Keightley & Reading, “Mediated mobilities” Media, Culture, & Society 36.3 (Apr. 2014) (16 pgs)
Mediated mobility “examines the relationships between media and mobility in contemporary culture and social life” (286). This area of research goes beyond areas of research looking at mobilizations (i.e. social movements) or mobile devices; rather, it focuses more broadly on “the broad emergent cluster of ways in which different kinds of motilities, including the mobility of people, the mobility of material artefacts and the mobility of data are themselves experienced and articulated through particular historically situated media ecologies” (286).
Keightley and Reading look toward globalization theory and its intersection with theories of mobility, particularly because globalization theories allow us to note the movement of peoples “in the form of economic migration, tourism, and displacement…globalization theory enabled us to account for the movement of cultural imperialism, of cultural flows and networks, the different meanings produced by globalized multicultural active audiences, as well as the power and agency over global cultural products through different cultural organizations at city, state, and interstate levels” (287). However, a focus on mediated mobilities allows us to draw attention to mediate communication and participation through mobile technologies, namely, such a focus looks at the vernacular, everyday uses of communication that mediate these movements. The authors also draw attention to the ways that “these mediated modalities of mobility have to be seen in relation to those elements of media and of social and cultural life…that remain less mobile, or indeed territorially fixed or static” (288). We must draw attention to the ways that static communication infrastructures often tether mobility technologies. And likewise, we must also consider the often immobility of people despite the mobility offered by technologies (see, for instance, the dead in New Orleans after the flooding). They do, however, note that mobile technologies can constitute an “electromagnetic atmosphere” that allows users to access networks across space and time.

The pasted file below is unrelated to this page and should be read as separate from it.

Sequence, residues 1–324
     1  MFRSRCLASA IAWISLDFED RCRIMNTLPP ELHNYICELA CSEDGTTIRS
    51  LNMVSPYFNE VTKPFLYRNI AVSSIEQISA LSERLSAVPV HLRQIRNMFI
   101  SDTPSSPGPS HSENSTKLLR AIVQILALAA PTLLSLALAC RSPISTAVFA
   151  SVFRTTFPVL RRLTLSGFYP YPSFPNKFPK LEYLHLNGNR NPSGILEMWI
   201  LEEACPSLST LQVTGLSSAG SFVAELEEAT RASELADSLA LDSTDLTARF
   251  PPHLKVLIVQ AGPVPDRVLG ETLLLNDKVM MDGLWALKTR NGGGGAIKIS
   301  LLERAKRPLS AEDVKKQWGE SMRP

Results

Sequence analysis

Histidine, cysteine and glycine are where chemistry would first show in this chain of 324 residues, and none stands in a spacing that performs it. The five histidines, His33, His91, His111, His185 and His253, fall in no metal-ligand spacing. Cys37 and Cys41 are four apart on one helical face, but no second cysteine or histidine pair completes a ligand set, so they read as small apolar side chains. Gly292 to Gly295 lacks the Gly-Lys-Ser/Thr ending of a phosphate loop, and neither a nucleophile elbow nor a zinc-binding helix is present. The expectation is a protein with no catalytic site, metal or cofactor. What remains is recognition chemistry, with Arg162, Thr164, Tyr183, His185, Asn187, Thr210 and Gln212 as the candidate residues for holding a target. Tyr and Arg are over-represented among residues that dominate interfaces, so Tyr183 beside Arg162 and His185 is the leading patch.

Key to the focus on media motilities is the methods we use to study it: “our very notions of proximity and distance have had to be rethought as the fixed relations between time and space have become less stable” (291). As they suggest, taking assemblage as an organizing principle to guide mobile research methods: “methodologies sensitive to the ways in which we move between different dimensions of mediated experience are necessary: one approach we propose to this draws on theories of assemblage to capture the ways in which mobilities are polylogical multidirectional and changeable across space-time” (296). In other words, assemblage allows us to “attend to the constituent elements of mediated experience and the dynamics of their layering” (297). They also offer the concept of intermediacy that attends “to the creative navigation that occurs within and between these mediated constellations” (297). Intermediacy allows us to note trajectory, the intentionality and unevenness in communicative behavior.